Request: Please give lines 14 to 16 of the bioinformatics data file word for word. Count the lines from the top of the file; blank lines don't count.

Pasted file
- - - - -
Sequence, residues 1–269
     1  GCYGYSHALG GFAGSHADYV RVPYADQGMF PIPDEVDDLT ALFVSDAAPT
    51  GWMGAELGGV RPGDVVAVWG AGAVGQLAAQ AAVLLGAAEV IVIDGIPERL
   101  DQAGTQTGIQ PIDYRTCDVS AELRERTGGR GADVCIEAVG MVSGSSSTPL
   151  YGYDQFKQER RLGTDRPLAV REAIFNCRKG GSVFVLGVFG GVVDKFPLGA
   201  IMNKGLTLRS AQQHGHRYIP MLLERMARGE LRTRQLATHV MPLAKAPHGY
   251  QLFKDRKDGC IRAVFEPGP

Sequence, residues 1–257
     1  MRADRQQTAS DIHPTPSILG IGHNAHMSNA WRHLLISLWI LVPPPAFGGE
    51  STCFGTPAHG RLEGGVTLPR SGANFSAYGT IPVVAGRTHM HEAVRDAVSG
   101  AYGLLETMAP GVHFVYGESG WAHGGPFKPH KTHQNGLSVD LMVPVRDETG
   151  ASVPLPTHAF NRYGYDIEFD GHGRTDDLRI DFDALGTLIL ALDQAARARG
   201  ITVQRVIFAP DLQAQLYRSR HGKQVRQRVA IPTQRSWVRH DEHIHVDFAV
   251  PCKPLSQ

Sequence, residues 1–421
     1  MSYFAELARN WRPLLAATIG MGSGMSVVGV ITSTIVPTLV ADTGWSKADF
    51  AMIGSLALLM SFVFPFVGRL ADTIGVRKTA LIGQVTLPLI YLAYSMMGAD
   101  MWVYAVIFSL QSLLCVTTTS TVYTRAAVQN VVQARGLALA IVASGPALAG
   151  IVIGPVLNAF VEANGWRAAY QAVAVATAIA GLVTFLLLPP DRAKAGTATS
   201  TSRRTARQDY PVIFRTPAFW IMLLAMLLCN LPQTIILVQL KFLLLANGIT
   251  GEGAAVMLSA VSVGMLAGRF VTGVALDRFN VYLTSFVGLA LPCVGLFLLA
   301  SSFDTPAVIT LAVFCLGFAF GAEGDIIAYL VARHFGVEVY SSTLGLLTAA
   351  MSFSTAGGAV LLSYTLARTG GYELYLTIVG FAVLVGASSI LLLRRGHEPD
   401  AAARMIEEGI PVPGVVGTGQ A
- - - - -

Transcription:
   251  PCKPLSQ

Sequence, residues 1–421
     1  MSYFAELARN WRPLLAATIG MGSGMSVVGV ITSTIVPTLV ADTGWSKADF